4-Time Olympic Winner in Long-Distance Running Mo Farah Announces His Retirement Plans Following London Marathon
The four-time Olympic champion, the British Mohamed “Mo” Farah, will end his athletic career in September by participating in the largest half-marathon in the world – the Great North Run.
The Somalia-born long-distance running legend claimed that the London Marathon last Sunday served as confirmation that his decision to retire was the right one. The 40-year-old Farah struggled in the closing stages of the race and eventually placed ninth, becoming just the third finisher from the United Kingdom. The Londoner said he was confident and felt he could finish between 2:05 and 2:07, but the body didn’t respond and it was a little frustrating. His timing of 2hr 10min 28sec, a Masters record, was a little slower than he had planned. “That’s when you know it’s time to call it a day,” he stated.
It was Farah’s final marathon, though he’ll compete in two more races in 2023 before putting his running shoes away. He’ll compete in the Great Manchester 10k next month, followed by the final race of his career at the Great North Run in September: “London has been so great to me over the years and I wanted to be here to say thank you to the crowd. But the Great North Run is going to be my last-ever run, and that will be my goodbye.”
Farah, who has only ever won one marathon (in Chicago in 2018), was never anticipated to contend for the title, which was won by Kenyan Kelvin Kiptum in a record-breaking pace of 2:01.25, by which he justified the role of the No.1 favorite awarded to him by the best mobile bookmakers. Instead, Emile Cairess and Phil Sesemann defeated Farah to claim the title of top Brit, and given how difficult it was for him, he considered giving up during the final 26.2 miles of the race.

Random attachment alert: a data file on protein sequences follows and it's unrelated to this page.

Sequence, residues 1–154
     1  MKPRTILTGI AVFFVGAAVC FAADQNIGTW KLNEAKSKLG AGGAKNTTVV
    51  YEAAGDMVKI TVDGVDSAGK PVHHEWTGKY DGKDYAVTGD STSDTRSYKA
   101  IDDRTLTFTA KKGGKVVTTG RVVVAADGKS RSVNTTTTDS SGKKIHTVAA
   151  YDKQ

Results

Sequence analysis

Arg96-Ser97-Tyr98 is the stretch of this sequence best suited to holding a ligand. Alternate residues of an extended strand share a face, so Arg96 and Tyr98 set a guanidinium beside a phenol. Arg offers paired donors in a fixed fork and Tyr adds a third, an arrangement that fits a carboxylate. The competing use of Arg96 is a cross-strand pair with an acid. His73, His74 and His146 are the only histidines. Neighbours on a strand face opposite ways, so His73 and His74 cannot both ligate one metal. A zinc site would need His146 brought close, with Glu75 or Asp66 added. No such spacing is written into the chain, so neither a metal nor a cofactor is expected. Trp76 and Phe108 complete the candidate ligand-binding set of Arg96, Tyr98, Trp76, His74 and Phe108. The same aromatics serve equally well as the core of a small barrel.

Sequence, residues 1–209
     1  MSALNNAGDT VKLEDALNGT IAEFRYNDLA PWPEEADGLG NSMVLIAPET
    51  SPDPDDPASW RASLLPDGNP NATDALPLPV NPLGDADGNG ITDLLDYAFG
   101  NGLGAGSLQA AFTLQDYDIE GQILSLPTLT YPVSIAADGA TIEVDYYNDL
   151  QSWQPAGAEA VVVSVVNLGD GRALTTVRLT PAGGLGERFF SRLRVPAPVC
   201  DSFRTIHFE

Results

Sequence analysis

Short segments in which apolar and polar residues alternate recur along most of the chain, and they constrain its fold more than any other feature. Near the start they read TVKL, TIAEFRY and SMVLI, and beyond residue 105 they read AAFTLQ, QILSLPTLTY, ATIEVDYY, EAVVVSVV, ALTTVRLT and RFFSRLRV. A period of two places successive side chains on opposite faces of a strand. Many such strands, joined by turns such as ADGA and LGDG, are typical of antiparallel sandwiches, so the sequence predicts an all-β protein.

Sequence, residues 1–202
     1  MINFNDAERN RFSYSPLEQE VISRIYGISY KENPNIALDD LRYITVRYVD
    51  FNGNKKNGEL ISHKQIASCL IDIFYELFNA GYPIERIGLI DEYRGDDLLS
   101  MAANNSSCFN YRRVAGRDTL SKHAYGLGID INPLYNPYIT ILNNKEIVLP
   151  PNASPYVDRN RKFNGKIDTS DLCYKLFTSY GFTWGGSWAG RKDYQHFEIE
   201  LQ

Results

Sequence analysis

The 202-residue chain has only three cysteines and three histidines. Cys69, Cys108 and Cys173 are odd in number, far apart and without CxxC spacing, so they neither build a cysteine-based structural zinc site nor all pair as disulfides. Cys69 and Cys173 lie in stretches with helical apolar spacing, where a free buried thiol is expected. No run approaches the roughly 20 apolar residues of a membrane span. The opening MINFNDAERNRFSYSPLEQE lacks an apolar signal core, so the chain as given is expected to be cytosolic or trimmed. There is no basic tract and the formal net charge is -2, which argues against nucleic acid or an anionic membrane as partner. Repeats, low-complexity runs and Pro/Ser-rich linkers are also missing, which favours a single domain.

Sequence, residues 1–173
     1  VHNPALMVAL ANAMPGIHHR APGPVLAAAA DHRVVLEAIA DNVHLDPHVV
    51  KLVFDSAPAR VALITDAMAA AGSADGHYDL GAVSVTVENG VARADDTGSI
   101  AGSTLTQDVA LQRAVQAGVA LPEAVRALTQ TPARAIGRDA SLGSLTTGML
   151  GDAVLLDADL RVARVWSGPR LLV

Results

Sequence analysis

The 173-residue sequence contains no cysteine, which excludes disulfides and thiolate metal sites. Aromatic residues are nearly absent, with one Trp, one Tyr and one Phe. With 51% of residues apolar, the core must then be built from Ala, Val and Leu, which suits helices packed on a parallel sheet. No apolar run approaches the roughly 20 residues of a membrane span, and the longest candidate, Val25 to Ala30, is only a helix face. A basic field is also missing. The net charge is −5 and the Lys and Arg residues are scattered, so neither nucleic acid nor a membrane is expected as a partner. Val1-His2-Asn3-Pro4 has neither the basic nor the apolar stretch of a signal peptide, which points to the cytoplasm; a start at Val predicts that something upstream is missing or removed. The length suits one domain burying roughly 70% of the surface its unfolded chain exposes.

From Being Illegally Taken from His Native Somalia to Two Double Olympic Golds
Farah won Olympic titles in London (2012) and Rio de Janeiro (2016), in the 5,000 and 10,000 meters. The same double won gold at the World Championships in 2013 and 2015. In total, he won six gold medals at the World Championships and five gold medals at the European Championships.
Farah was born in Somalia as Hussein Abdi Kahinand was brought illegally to the UK at the age of nine under the name of another child, Mohamed Farah. He was brought out of the country by a woman he had never met and forced to babysit another family’s children. He was granted British citizenship in July 2000 under the name Mohamed Farah.
In his first years in Britain, he wasn’t allowed to go to school, and when he started at the age of 11, it was said that he was a refugee from Somalia. His athletic talent was first recognized by his physical education teacher. These aspects of his past were not known until 2022 when he published his story. At the time, Farah said that his children inspired him to publicly reveal numerous details from his life.